How did your experience at Columbia help you write and finish your book? Are there any Columbia faculty that helped you throughout the writing process? If so, how? 

My time at Columbia College was very special and invigorating. I found my voice in the Story Workshop semi-circles and I had incredible instructors who guided me and provided invaluable insight. Randy Albers and Andy Allegretti were immensely helpful and encouraging, nudging me in new directions when needed as I grew more confident in my writing. They showed me how to find different vantage points, to reexamine perspectives, to trust my instincts. Gary Johnson was my thesis advisor and he encouraged me to use my cultural background and experiences in my work. That was a game-changer. Before I came to Columbia, I didn’t write about characters who came from an immigrant background and the writing often fell flat. Once I channeled this, my work came alive. Shawn Shiflett helped me hone my dialogue skills. Excerpts from my thesis as well as a short story I first wrote at Columbia were later reworked and included in my story collection.

How did your time at Columbia College help you become a better writer?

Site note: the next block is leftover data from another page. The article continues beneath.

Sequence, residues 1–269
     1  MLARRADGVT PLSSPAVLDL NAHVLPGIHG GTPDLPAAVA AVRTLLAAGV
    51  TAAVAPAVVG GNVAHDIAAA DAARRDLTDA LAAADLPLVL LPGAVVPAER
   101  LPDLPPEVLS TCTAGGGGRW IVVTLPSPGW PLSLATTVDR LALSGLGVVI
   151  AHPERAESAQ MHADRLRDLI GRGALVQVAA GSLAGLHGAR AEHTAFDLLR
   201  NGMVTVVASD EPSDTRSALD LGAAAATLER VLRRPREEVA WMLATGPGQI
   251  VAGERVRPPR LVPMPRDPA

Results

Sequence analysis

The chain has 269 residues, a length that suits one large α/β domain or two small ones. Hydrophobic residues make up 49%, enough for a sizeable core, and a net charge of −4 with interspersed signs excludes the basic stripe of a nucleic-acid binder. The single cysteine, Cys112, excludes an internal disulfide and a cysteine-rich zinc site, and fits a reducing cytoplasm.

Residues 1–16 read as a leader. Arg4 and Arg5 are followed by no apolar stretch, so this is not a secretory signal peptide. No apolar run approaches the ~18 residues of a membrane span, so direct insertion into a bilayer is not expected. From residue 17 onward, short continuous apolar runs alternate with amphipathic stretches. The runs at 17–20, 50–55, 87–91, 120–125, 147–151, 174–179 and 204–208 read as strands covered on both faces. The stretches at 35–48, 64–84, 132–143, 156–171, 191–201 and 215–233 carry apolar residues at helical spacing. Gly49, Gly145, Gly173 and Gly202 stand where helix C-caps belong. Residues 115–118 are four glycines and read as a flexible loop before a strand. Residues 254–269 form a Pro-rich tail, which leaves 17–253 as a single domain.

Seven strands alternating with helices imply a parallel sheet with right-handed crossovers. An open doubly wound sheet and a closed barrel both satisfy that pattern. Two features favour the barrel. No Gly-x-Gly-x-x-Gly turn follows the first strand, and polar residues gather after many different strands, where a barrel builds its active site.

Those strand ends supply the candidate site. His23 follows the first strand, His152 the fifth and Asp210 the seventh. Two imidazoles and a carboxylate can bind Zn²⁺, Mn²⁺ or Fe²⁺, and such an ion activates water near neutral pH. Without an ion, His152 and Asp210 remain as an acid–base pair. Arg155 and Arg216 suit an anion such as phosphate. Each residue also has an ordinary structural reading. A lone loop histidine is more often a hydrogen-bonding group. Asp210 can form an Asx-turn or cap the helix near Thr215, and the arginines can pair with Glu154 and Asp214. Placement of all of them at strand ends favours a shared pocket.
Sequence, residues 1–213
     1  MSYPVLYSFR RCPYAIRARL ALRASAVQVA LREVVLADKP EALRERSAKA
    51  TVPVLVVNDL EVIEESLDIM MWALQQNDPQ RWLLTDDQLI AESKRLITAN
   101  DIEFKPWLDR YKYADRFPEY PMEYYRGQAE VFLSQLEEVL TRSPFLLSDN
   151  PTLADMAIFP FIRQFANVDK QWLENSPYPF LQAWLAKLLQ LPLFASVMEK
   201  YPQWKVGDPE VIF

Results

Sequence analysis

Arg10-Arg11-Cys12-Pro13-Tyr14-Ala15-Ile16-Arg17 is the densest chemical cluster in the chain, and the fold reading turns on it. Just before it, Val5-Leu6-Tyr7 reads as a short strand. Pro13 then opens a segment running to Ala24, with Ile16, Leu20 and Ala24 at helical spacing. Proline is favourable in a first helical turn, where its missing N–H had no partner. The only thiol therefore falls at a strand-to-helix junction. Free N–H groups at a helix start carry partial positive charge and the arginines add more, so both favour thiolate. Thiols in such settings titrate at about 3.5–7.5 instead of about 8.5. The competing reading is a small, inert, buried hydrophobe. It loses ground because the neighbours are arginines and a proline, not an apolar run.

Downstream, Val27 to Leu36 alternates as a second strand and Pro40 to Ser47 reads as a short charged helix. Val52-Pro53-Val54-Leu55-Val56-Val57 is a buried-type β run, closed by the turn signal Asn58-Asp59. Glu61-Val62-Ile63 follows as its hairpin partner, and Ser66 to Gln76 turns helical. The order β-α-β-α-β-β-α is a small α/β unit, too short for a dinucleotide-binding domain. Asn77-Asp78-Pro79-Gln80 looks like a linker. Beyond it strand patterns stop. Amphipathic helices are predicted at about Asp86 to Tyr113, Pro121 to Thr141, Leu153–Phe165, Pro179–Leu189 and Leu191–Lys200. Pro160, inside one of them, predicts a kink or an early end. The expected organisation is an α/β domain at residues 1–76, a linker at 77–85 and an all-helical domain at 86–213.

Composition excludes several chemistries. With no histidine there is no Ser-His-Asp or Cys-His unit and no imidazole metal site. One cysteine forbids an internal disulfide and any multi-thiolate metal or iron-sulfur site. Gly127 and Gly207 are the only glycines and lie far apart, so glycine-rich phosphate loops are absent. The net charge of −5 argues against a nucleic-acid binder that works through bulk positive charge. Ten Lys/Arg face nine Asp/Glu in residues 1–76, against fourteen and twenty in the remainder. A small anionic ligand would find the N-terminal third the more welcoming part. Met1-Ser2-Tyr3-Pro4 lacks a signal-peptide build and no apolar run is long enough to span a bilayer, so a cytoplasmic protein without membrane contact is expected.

The Story Workshop program gave me the tools to move away from a more journalistic approach to my writing and to delve deep into the discovery process, to be open to surprises and let the characters lead the way. The question “What happens next,” in circle time was very liberating and allowed me to move forward spontaneously with the writing. It wasn’t about figuring everything out beforehand – loose ends and sloppy writing would be addressed in rewrites – it was about letting go and getting the words down on the page. One of my stories came to life when an image popped into my head during a circle time exercise. I envisioned an elderly man climbing up a set of rickety stairs. I had no idea who this man was or even where the story was set but that image was so powerful that I couldn’t let it go. The story ended up being set in Soviet-era Ukraine and was one of the first pieces I published in a literary journal. This same approach has also helped me with my poetry.